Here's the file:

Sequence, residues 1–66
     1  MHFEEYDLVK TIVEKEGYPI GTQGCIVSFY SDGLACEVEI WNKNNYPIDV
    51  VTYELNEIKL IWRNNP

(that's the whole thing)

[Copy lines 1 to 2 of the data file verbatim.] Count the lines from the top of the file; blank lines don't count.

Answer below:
Sequence, residues 1–66
     1  MHFEEYDLVK TIVEKEGYPI GTQGCIVSFY SDGLACEVEI WNKNNYPIDV